Re-energise with a spring break on the English Coast!


Re-energise with a spring break on the English Coast!

For nature-lovers, now is the time to head to the English coast – where flora and fauna are in their element, with seabirds diving and nesting, cliff-tops carpeted in coastal flowers while the waters teem with a diverse choice of sea-life. And best of all, it’s now easier to book your break with England’s Coast, a one-stop online platform allowing you to discover the country’s rich coastal variety and create your ideal spring getaway.

“The English coastline is spectacular throughout the year but never is it more captivating than spring when clifftops burst into life with flowers and birds migrate back from the winter,” says Samantha Richardson, director of the National Coastal Tourism Academy which is delivering England’s Coast.

“There are top bird-watching spots all around the coast and no-one is more than 70 miles from the shoreline so it’s the perfect way to get back to nature.”

If you’re visiting Yorkshire this year to celebrate the 50th anniversary of the Cleveland Way in the North York Moors National Park, you’ll be spoilt for choice on this 109-mile route weaving through spectacular coastal scenery and heather moorland. Pick out the yellow and red of bird’s foot trefoil and the dense bobbing pink heads of thrift. Important seabird nesting colonies can be found nearby, such as Cowbar Nab at the historic harbour port of Staithes. The town’s cliffs bubble with vegetation, with scores of different mosses, lichens and grasses.

W:\NCTA\Discover England Fund Round 2\PR\Press releases\2019\May\2-north-york-moors.jpg

North York Moors National Park

If you plan a visit in late summer, the waters off Whitby attract a variety of sea life as vast shoals of herring migrate inshore to spawn, attracting sharks, birds and thousands of seals. There’ve been increasing numbers of minke, fin, sei, and humpback whales sighted along with white beaked and bottle nosed dolphins.

Some 70km further south, around Bempton Cliffs Nature Reserve, Yorkshire, is one of England's premier seabird watching spots. The RSPB [Royal Society for the Protection of Birds] runs a reserve here with safe viewing platforms, where you can see up to 200,000 birds at the height of the breeding season, including stiff-winged fulmars and kittiwakes, easily identified by their wing tips, which look as though they have been dipped in ink.

W:\NCTA\Discover England Fund Round 2\PR\Images\Nature\RSPB Bempton Cliffs - New Roll up viewpoint (002).jpg

Bempton Cliffs Nature Reserve

These cliffs are also a great place to see spring and autumn migrations of birds such as wheatear (look out for the male with its ‘robber mask’ of a band across its eye).

The Norfolk Broads are magical in spring, when their waters come alive with ducks and frogs (and hungry herons looking for a tasty snack). The broads are shallow lakes which arose from peat diggings in medieval times and were flooded during the 14th Century as sea levels rose. Together with the rivers, marshes and fens, they blend with wildlife and distinctive buildings to make an outstanding landscape.

Without doubt, one of the keynote signs that spring has arrived, is the return of swallows from their winter sojourns in Africa. One of the first places they make landfall in England is around the English Riviera, Torbay and along the coastline of the South Hams, to the east of Plymouth. Make for any headland here, either at dawn or just before dusk, and you can see them make landfall in April. Ravenously, they muster the energy to pirouette in mid-air and feed on midges to restock their energy after their epic migrations.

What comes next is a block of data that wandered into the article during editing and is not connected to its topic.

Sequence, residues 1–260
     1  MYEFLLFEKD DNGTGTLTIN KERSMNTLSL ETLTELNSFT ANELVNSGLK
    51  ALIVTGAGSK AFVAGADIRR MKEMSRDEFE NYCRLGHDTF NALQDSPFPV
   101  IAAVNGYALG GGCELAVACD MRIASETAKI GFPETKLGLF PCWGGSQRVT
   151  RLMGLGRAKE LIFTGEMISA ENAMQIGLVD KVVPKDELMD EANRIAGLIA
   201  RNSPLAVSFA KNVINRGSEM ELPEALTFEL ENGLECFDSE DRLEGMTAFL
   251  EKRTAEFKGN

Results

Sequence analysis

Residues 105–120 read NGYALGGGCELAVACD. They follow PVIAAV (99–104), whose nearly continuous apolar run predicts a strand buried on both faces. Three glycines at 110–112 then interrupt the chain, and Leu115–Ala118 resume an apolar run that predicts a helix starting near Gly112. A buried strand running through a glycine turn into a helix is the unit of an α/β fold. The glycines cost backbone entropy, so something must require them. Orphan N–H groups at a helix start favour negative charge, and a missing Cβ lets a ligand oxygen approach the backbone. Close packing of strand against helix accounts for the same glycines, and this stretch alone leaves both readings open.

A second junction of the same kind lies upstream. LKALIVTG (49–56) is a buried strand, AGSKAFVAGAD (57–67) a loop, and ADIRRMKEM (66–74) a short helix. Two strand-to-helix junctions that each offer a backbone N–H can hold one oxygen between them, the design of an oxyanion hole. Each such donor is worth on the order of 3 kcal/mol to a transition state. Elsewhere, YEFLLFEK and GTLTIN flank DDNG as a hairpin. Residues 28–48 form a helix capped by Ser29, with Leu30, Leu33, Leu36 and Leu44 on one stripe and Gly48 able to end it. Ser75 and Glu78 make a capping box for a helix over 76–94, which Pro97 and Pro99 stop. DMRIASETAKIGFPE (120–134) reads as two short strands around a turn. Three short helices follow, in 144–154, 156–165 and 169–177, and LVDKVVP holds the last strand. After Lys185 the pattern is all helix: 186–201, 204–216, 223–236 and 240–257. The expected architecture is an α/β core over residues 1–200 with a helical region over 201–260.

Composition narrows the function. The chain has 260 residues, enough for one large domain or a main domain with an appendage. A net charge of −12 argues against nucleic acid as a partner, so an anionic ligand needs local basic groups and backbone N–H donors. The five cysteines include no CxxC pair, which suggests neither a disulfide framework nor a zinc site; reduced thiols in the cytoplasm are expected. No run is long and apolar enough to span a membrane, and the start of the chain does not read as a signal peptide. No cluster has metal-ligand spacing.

This stretch of the coast is also a good place to enjoy the red-veined Darter, a reasonably regular migrant dragonfly, as well as the blue-tailed Damselfly, which can be spotted around the whole coastline from late spring to early autumn.


For more information and images please contact Sheron Crossman, England’s Coast Marketing & Communications Manager

Notes to editors: England’s Coast is funded by VisitEngland’s Discover England Fund project and delivered by the National Coastal Tourism Academy

Our Partners:


About the Discover England Fund

  • In November 2015, the Government announced a £40 million Discover England Fund; an unprecedented opportunity for English tourism. The Fund aims to deliver world-class bookable tourism products joined up across geographies and/or themes; including integrated transport solutions to provide an end-to-end customer experience.
  • The Fund supports the growth of one of England’s most successful export industries, inbound tourism. Tourism is an industry that delivers jobs and economic growth across the English regions – contributing some £106bn each year to the economy and supporting 2.6 million jobs.
  • The Fund supported a number of pilot projects in year one (2016/17) that tested product development approaches. In years two and three, 2017-19, the fund will support:
    • A number of large-scale collaborative projects to be delivered over the two year period 2017-2019 that will create a step-change in bookable English tourism product for international consumers,
    • A smaller funding pot for new one year pilot projects (in year two), and
    • Continuation funding for existing year one projects that demonstrated early learnings (in year two).

About VisitBritain/VisitEngland

  • VisitBritain/VisitEngland is the national tourism agency – a non-departmental public body funded by the Department for Culture, Media & Sport (DCMS)

Working with a wide range of partners in both the UK and overseas, our mission is to grow the volume and value of inbound tourism across the nations and regions of Britain and to develop world-class English tourism product to support our growth aspirations. For further information and to access the latest in-depth market intelligence and statistics visit www.visitbritain.orgor and